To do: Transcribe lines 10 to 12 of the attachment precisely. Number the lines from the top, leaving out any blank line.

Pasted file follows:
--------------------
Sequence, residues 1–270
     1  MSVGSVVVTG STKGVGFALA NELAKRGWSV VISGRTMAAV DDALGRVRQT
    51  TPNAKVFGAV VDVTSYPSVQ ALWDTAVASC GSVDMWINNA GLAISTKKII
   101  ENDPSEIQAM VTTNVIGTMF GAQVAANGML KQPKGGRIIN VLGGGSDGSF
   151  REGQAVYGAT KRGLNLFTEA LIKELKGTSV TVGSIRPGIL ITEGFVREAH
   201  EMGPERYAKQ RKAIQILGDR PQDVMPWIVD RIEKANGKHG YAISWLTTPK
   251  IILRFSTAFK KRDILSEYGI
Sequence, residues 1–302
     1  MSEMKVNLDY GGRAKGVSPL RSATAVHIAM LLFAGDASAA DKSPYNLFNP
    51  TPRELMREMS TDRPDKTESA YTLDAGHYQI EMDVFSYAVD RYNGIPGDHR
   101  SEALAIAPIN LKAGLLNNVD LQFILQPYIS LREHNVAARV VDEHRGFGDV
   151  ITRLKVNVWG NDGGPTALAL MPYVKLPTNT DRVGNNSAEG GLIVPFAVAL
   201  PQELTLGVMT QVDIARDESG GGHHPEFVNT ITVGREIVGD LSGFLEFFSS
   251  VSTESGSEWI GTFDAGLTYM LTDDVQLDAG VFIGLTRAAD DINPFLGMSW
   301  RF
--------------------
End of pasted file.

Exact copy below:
    51  TPRELMREMS TDRPDKTESA YTLDAGHYQI EMDVFSYAVD RYNGIPGDHR
   101  SEALAIAPIN LKAGLLNNVD LQFILQPYIS LREHNVAARV VDEHRGFGDV
   151  ITRLKVNVWG NDGGPTALAL MPYVKLPTNT DRVGNNSAEG GLIVPFAVAL